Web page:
Residents of Chilliwack engaged on the issue like no other community. Not even Burnaby, with its very vocal opposition to the project and nearly three times Chilliwack’s population, matched Chilliwack for the number of statements filed with the NEB. One of the NEB Panel said during the segment 6.3 realignment hearing that the level of engagement by Chilliwack residents was why that realignment got a full hearing when realignments are usually just a paper exercise.
While the realignment Kinder Morgan put forward demanded opposition for the risks it imposed on the community, it was also a very welcome practice run. An opportunity for WaterWealth’s Program Director to see how these hearings were being conducted, to gather information, and to get some experience at being cross-examined and conducting cross-examination. With the end goal of changing the entire route across Chilliwack, the outcome of the 1.8 km realignment segment 6.3 didn’t really matter. Indeed, the outcome of the realignment hearing was almost certainly pre-determined, given that the Board had before it Kinder Morgan’s original route, which had proven impossible to construct, or Kinder Morgan’s proposed alternative. Given a choice of impossible or bad, it seemed likely the NEB would rule in favour of bad, and that they did.
Practice over, the main event was the detailed route hearings for the whole of segment 6. But despite participation as an intervenor in the initial NEB hearing and in the realignment hearing, WaterWealth was excluded from the detailed route hearings! Often when the NEB reject an intervenor application they allow the lesser participation as a commenter. Our application did not even get that! This led to a flurry of activity geared to setting up other options, and fortunately we were subsequently accepted by the NEB as an intervenor in the City of Chilliwack’s hearing. We took that, fingers crossed that the City would see it through to the end. If the City dropped out at any point, the hearing would end and our participation in the regulatory process would end with it.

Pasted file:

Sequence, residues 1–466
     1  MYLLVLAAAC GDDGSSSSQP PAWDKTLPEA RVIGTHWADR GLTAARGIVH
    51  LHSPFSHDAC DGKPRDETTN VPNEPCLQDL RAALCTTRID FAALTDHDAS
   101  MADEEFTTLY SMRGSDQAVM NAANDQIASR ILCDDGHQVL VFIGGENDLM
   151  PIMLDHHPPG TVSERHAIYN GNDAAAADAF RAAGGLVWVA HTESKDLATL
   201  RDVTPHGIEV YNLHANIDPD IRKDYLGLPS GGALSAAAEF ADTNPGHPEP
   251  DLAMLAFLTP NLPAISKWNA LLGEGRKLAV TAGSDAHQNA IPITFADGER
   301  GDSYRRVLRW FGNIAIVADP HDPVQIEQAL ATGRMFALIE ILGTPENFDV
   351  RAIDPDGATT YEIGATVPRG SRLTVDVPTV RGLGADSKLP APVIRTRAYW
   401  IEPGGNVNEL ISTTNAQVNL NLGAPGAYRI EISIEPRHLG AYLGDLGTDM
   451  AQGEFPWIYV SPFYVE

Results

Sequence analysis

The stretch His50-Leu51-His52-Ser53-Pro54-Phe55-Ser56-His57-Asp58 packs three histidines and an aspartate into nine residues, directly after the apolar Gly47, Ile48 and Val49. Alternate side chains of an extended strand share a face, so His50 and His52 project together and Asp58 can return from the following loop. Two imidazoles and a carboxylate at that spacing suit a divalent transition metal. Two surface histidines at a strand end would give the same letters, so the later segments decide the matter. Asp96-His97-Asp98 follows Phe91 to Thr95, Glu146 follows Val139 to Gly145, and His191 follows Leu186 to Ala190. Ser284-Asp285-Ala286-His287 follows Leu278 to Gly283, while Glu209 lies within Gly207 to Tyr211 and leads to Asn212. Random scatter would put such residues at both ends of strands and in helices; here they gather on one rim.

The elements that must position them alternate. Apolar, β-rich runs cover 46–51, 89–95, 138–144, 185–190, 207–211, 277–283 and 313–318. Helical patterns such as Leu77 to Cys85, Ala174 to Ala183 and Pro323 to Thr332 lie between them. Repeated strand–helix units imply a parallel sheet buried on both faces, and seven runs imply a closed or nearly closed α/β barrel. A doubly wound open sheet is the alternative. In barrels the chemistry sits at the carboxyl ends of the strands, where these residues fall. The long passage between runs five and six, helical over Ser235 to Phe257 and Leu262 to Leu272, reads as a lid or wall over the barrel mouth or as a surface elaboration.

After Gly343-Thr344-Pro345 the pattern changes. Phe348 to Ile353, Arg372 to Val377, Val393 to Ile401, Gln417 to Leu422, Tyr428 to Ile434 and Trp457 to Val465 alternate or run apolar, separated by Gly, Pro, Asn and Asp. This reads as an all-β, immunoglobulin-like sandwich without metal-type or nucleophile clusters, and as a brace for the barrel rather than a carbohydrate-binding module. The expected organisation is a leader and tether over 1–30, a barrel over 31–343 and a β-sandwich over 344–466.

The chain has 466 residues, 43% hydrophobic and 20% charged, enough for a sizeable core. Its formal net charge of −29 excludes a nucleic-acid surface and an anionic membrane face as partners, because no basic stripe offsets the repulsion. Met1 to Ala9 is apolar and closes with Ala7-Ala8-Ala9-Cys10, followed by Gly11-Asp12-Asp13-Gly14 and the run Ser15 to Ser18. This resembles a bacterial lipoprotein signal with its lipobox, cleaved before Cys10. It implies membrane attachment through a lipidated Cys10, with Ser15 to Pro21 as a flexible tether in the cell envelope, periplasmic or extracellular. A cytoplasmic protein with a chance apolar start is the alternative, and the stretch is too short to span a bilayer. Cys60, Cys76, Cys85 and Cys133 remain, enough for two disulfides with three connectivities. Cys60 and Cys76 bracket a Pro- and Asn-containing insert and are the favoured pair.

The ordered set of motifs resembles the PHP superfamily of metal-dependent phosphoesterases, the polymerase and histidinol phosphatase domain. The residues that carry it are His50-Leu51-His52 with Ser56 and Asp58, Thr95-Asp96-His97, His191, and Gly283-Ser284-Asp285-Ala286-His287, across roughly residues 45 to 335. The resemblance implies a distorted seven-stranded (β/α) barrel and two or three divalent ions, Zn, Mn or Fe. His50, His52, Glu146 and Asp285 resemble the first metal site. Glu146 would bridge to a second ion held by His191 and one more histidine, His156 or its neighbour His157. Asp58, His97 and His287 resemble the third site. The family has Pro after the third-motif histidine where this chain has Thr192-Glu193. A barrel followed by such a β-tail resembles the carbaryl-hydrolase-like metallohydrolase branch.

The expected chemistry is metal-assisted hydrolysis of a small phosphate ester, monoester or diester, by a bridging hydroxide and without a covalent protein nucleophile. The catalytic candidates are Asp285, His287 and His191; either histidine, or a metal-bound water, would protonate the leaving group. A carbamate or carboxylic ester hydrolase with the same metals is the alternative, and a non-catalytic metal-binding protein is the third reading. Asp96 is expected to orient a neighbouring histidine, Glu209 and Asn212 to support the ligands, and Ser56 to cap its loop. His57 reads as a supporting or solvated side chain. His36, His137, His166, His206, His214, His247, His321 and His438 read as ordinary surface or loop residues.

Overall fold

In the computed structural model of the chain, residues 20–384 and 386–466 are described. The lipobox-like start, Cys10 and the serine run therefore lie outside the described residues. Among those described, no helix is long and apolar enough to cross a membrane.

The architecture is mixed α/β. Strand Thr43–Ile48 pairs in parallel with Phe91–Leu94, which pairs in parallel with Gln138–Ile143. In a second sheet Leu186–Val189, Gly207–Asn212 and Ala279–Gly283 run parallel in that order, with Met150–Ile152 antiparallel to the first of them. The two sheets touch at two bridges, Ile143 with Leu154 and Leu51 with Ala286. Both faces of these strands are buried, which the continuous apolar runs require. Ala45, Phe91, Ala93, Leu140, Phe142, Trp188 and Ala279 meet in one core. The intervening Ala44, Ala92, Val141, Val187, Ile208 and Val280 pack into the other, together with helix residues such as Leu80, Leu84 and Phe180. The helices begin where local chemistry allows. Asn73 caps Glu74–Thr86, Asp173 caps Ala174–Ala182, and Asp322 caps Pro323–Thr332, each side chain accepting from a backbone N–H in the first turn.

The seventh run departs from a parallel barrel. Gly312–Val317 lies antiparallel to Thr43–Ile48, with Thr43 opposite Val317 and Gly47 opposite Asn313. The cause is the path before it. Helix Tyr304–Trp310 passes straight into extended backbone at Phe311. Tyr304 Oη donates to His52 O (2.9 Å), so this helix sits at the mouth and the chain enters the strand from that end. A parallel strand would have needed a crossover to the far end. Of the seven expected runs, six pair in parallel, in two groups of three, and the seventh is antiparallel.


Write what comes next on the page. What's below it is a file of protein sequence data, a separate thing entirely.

The segment 6 hearings were initially to be in two phases, but at Kinder Morgan’s request the whole works got moved to the timeline of Phase 2. On that timeline Kinder Morgan filed their written evidence August 23. (Coincidentally our Program Director’s birthday. Kinder Morgan’s evidence made a welcome present!)
Our written evidence was due September 13, however, with the Project approvals nullified August 30 it seemed the detailed route hearings must stop. We waited for word from the Board.
A lawyer for a late hearing in segment 2 in Alberta wrote the Board saying;
“As the Order in Council approving the TMEP and directing the Board to issue a Certificate of Public Convenience and Necessity has been quashed, there is no longer any basis on which to proceed with Trans Mountain’s Application for approval of its detailed route.“
Kinder Morgan wrote regarding the same hearing (but apparently only that hearing) saying in part;
“We are writing on behalf of Trans Mountain to request that the Board suspend all remaining steps in the above noted proceeding in light of yesterday’s ruling from the Federal Court of Appeal in Tsleil-Waututh Nation v. Canada“
After what felt like an eternity (but was actually just the next day), the Board posted to its website a notice that read in part;
“Ongoing processes directly related to the Trans Mountain Expansion project, including consideration of condition compliance filings, Right of Entry applications and detailed route hearing processes, will cease.“